I knew that if I didn’t share my beliefs in response to that email, I would regret it, and gradually my Sundays would be filled up with more and more work obligations. I hit “reply all” and wrote a response to all of my colleagues in the music department about my feelings on observing the Sabbath. Some of my colleagues were agnostic or of other faiths, but their responses were very kind and respectful, and I was able to serve in my church callings and spend time with my family on Sundays.
We can still live our religious beliefs while working in a public institution without worrying about crossing the line between church and state. We can still hold firm to our beliefs and speak about our religious lives with colleagues, students, staff and administration.
‘Are you praying down there?’
One final experience: As a person with a history of anxiety, I occasionally find myself struggling to move forward, feeling fear and uncertainty. My specific area of expertise is conducting choirs, and I often kneel down and offer a quick prayer before leaving my office.
One day, after a particularly difficult, but successful rehearsal had concluded, I was so happy and grateful at what we had accomplished, that when I entered my office, not seeing anybody in the hall, I quickly knelt down and offered a 15-second prayer of thanks.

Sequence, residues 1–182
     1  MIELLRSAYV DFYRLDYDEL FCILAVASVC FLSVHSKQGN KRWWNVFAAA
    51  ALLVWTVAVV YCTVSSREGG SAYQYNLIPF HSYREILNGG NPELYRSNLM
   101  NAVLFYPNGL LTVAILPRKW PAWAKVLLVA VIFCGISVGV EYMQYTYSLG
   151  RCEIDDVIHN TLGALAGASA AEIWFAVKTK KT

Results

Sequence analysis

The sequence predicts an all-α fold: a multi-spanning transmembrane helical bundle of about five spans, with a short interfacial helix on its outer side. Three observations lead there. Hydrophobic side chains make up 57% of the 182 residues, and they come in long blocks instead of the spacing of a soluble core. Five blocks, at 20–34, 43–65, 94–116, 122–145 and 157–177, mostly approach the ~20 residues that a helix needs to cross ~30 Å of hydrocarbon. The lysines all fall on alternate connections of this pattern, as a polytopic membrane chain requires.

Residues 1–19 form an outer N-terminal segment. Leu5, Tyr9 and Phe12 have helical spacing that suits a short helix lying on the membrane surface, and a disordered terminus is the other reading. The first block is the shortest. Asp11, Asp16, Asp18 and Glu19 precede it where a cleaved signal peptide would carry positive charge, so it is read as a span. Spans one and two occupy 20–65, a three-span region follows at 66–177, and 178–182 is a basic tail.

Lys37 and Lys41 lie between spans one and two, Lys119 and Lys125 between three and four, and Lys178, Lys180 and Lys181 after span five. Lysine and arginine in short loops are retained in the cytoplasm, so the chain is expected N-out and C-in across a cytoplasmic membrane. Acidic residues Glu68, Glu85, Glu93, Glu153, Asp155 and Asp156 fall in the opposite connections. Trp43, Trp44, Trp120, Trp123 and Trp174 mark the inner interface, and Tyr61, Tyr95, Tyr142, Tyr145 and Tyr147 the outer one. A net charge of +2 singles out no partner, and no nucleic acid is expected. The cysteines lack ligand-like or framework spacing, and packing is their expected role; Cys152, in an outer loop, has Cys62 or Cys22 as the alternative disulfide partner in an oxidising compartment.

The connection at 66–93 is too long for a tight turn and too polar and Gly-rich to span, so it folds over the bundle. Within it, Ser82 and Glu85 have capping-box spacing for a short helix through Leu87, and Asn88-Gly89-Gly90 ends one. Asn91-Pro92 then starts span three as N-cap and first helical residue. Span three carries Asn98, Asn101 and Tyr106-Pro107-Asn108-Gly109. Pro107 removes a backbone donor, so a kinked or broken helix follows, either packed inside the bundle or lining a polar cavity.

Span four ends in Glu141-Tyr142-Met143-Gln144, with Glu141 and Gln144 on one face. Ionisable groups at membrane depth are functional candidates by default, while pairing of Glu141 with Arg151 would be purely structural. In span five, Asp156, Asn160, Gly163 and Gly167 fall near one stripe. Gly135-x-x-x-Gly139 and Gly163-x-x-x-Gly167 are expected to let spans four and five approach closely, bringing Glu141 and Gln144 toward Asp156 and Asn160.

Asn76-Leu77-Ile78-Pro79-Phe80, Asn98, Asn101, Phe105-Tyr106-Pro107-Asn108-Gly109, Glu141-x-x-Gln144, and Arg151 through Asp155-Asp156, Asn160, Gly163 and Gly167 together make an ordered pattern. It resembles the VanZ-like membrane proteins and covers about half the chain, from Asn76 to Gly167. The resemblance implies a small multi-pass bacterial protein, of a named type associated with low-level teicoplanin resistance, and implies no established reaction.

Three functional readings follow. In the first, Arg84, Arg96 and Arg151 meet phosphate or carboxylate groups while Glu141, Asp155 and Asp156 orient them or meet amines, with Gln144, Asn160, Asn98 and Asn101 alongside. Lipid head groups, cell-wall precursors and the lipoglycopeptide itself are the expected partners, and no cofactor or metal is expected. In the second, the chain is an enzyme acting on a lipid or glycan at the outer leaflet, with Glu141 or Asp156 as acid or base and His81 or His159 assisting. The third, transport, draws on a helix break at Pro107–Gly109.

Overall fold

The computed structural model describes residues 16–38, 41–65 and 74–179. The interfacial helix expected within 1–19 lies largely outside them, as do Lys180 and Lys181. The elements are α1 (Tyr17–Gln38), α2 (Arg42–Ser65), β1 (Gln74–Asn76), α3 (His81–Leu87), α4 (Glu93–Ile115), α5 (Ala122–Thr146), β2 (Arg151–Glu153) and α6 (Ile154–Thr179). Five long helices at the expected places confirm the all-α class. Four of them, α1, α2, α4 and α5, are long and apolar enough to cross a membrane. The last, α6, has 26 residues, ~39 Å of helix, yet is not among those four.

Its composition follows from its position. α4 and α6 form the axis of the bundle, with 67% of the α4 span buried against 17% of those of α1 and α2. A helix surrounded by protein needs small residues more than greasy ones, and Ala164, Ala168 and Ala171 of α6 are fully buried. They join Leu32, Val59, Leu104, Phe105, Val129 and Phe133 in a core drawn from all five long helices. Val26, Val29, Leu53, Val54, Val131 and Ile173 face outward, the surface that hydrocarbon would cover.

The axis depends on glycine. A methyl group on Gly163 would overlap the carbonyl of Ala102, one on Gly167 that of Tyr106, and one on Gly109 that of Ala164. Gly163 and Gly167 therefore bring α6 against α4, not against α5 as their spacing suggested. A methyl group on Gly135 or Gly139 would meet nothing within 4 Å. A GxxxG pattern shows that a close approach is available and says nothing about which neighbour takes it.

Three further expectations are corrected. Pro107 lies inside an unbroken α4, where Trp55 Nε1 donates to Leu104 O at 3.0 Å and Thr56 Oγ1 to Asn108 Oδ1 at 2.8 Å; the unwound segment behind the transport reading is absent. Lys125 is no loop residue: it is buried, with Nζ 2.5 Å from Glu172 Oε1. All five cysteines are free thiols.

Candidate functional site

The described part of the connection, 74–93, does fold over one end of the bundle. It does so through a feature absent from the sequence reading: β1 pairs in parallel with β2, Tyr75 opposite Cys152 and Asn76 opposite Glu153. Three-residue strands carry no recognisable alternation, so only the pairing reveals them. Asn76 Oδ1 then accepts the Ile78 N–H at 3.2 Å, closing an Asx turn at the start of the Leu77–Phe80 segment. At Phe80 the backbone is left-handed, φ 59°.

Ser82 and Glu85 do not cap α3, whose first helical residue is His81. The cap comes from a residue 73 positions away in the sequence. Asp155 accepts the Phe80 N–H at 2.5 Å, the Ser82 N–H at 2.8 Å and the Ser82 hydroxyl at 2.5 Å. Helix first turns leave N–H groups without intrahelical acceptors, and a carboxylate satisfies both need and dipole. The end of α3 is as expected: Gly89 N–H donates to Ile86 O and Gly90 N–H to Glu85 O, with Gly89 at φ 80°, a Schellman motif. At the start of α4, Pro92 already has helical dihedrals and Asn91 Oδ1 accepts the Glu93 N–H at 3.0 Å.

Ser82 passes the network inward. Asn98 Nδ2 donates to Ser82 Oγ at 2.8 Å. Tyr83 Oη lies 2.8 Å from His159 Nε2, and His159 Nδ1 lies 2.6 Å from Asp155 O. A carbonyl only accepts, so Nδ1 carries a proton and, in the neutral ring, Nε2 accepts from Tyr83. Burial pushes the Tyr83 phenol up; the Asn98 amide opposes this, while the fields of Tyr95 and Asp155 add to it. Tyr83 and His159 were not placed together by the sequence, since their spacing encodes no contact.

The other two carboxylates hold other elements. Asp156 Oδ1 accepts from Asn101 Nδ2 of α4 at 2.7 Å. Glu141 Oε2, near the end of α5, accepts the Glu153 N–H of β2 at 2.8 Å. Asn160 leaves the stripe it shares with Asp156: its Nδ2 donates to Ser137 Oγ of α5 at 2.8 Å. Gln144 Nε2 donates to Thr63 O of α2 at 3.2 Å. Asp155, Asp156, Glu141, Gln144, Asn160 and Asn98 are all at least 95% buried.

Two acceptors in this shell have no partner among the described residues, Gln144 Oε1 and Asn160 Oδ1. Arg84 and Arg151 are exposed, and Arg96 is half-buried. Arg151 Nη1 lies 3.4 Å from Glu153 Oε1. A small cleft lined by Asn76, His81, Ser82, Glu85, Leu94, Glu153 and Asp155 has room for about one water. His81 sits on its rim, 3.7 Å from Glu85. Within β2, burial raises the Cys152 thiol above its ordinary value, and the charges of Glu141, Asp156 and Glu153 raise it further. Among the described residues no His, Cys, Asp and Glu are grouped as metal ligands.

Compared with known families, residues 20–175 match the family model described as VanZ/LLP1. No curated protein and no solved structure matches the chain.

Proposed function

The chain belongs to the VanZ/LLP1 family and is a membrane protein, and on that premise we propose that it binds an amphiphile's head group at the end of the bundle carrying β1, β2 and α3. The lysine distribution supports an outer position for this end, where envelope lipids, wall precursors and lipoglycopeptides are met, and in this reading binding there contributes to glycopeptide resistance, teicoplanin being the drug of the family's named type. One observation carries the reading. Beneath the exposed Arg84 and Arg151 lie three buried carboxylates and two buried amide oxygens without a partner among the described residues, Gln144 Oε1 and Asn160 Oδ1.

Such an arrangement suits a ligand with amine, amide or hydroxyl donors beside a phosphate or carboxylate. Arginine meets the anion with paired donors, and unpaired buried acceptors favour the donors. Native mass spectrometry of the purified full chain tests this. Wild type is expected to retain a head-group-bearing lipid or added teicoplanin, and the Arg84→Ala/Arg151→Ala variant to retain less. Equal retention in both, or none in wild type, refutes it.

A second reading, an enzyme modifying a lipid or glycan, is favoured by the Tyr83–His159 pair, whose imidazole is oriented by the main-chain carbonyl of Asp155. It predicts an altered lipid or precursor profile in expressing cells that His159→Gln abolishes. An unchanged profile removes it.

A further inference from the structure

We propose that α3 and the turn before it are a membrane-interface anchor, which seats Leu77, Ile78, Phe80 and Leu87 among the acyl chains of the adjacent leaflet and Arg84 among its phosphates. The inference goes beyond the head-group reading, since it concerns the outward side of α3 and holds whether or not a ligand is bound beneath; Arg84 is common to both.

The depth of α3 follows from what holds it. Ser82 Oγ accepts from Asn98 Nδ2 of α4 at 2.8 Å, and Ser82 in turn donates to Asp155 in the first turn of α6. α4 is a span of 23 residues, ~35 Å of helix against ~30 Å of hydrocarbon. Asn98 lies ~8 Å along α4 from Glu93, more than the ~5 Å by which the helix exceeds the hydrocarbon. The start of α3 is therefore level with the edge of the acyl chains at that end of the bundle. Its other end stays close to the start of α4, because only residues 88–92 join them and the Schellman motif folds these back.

Although my prayer was hardly long enough for me to kneel and get back up again, my next-door colleague suddenly knocked on my door. I was startled and got up quickly, and he said jokingly, “Are you praying down there?”
He thought that I was just picking up something from the floor. I was a little embarrassed, but I told him that I was actually praying to express gratitude for a rehearsal that went much better than I had expected. We laughed, and there was an understanding felt between us.
My students, no matter their background, know what church I belong to and what responsibilities I have in my congregation. I share fun experiences from my missionary service in Argentina, explaining where I learned Spanish when we sing in that language. I have taught students from all walks of life — Black, white, old, young, male, female, agnostic, Christian, members of the LGBTQ+ community, first- and multi-generational college students. If “living my religion” has ever caused a negative experience, it has been inconsequential and very rare. Mostly, people respect me and know that I care about them as a human being.
During this time, I’ve also had many associations with wonderful, thoughtful and kind people of many different religious persuasions — as well as people of no faith. If you look carefully, the goodness of humanity is everywhere. As my family used to sing growing up, there really is “beauty all around.”
In summary, let’s be confident that we can speak and live openly and happily as people of faith amid those with very different views. And let’s all be careful when observing others. You may not know who they really are based on their affiliation with an organization alone — or even what they’re doing at the cash register with an armload of candy.
Roger H. Hale, Ph.D., teaches in the music department at Utah Tech University and serves as the director of choirs. He and his wife, KayDe, and their five children live near the beautiful red cliffs of Ivins, Utah.